The only reason I think the Jackets even consider trading Jenner at the trade deadline this year: someone wants to significantly overpay for his services.
Jenner is signed for three seasons after this one, with a very team-friendly $3.75m AAV contract. At 29 years old, he may be on the back-end of his prime … but he’s still in his prime, and the Blue Jackets shouldn’t have any desire to move him. That contract will age well because while he may lose a step by the 2025-26 season, he’s not a guy who has relied on speed for his game. He can still be a bull in front of the net in four years.
All of that said, if a team like Toronto comes along and wants to acquire Jenner for their middle-six, you have to listen. Any GM of a last place team should be willing to listen to every trade call, and look for opportunities to improve their team for the long-term. The best part about teams calling you to inquire about players? You can set the price as high as you want.
Let’s talk hypothetical for a moment: you have a player on the way out for whatever reason. Maybe he’s asked for a trade, maybe his contract is expiring, or maybe the club just feels the need to move on. If the Jackets were actively looking to trade Boone, I think the price would be around what they expect to get for Vladislav Gavrikov: a first round pick and another mid-round selection (think third or fourth round).
But since the Leafs are rumored to have come calling, Jarmo Kekalainen is in the position to ask for quite the haul. I can only guess that the package might be something similar to what the Lightning gave up for Brandon Hagel last year: two first round picks and two prospects who were recently selected in the second round.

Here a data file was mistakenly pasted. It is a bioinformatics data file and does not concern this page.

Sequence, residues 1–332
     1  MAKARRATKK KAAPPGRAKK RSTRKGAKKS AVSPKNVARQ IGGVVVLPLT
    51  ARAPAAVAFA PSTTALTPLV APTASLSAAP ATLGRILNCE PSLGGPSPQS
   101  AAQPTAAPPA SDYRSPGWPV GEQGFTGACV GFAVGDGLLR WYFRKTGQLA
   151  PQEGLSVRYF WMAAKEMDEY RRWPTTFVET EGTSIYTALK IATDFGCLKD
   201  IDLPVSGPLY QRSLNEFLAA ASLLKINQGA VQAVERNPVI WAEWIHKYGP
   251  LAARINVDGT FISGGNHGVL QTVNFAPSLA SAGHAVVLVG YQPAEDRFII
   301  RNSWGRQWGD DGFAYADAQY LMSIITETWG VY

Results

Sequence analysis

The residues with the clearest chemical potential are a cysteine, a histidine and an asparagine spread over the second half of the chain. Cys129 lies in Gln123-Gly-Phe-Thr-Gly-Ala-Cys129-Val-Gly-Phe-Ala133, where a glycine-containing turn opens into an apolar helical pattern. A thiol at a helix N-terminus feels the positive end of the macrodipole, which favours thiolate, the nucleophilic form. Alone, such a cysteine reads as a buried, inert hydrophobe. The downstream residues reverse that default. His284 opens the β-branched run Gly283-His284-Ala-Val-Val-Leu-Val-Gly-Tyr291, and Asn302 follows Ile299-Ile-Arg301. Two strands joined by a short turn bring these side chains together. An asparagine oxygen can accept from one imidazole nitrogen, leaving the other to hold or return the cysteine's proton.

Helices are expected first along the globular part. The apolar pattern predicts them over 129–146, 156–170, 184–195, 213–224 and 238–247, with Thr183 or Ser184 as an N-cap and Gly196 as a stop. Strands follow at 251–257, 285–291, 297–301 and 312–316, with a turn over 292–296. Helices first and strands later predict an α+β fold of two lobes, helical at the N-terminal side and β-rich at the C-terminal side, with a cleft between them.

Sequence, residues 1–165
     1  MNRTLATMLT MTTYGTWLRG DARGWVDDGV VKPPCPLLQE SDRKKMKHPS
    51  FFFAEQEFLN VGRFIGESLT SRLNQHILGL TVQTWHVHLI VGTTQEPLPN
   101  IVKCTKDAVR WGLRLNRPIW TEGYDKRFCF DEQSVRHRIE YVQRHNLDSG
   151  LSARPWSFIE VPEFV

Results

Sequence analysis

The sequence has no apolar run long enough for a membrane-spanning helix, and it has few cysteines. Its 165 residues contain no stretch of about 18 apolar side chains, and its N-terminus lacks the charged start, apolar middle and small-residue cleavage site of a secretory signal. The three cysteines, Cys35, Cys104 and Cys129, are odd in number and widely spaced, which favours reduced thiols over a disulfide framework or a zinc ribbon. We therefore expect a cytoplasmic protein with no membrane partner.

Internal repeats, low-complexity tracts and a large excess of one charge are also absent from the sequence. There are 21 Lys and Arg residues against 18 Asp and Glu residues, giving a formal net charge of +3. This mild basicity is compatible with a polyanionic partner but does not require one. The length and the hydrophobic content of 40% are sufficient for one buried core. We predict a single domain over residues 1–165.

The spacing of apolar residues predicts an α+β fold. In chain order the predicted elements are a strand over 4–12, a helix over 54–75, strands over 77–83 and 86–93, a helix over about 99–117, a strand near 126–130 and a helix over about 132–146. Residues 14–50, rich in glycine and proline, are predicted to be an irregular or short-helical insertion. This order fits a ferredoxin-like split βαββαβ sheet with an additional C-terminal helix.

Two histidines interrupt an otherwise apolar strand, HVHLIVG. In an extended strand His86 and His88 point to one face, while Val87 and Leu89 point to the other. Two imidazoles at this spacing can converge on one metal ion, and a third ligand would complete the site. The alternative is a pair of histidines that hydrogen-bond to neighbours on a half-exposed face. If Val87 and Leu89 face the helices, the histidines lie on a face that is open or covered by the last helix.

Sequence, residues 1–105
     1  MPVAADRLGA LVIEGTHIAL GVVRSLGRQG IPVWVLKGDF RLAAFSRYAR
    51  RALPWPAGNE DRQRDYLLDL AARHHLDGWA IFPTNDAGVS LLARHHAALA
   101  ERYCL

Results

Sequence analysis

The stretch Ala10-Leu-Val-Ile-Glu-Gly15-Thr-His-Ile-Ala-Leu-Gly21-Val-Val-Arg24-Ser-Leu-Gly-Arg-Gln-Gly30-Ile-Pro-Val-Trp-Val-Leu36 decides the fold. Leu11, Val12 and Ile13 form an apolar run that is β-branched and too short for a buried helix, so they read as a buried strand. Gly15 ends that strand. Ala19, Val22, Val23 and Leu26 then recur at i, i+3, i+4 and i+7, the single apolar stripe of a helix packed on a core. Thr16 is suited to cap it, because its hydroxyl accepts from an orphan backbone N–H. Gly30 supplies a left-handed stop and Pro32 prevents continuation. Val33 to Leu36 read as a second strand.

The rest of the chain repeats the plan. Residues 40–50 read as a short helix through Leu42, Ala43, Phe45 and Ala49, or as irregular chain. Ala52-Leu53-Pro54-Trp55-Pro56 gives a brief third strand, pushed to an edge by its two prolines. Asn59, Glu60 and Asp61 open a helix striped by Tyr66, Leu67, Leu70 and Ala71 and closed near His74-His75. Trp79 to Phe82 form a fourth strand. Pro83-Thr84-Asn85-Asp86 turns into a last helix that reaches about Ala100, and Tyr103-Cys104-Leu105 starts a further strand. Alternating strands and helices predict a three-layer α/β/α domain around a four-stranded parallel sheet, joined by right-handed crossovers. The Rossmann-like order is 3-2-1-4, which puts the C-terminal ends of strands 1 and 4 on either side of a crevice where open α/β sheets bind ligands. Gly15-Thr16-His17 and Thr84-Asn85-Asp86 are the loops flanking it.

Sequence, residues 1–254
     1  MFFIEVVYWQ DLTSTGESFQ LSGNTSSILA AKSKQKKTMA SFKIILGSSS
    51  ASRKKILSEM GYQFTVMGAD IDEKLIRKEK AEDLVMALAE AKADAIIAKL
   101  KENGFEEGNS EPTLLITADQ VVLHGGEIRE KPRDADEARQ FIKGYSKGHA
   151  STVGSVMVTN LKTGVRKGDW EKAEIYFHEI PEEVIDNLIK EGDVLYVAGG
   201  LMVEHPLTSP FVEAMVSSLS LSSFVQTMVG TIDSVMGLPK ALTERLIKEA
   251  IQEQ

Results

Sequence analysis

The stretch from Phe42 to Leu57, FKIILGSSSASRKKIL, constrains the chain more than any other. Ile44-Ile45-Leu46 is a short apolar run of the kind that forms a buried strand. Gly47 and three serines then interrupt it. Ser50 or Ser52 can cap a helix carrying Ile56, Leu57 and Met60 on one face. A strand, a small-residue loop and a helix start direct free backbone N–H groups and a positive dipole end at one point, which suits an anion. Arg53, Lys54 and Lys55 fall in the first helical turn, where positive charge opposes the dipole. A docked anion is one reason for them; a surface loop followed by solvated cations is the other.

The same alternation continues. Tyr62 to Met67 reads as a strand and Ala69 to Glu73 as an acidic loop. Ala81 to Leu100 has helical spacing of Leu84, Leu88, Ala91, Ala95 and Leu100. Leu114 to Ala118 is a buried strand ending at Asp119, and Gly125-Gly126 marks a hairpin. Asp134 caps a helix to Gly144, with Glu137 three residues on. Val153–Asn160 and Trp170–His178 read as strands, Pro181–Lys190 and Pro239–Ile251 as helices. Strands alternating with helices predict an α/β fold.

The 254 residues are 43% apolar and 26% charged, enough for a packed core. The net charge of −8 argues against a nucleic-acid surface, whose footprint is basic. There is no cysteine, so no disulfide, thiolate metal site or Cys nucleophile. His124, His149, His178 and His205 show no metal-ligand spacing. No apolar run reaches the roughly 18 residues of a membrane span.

The two are similar players in style, but there are some differences between Hagel and Jenner. Notably, Hagel is six years younger, and has less than half of the contract hit that comes with Jenner. But that might honestly be to the advantage of the Blue Jackets here, because it’s not often that a team can go out and acquire a cost-controlled player in his prime, who is captaining another NHL team. That kind of experience could be extremely valuable to the Leafs in a 7-game playoff series.
The other major difference here: the Blackhawks were actively trying to trade Hagel, and I don’t believe that to be the case with the Blue Jackets and Jenner. So Jarmo Kekalainen can set his price and hold firm because, well, we didn’t want to trade him anyway. You either come out of this with a ridiculous overpayment by the other side, or you keep your captain. From the Leafs that probably means their next two first round picks, plus something like Nick Robertson and Matthew Knies, or Fraser Minten. It’s a huge cost, but is it worth it? Would it put them over the top?
Whichever outcome occurs, I don’t see this as a losing situation for the Blue Jackets. Boone is far more important to this team, than any perceived trade value from the outside. He’ll only be traded if someone wants to throw the entire farm at us.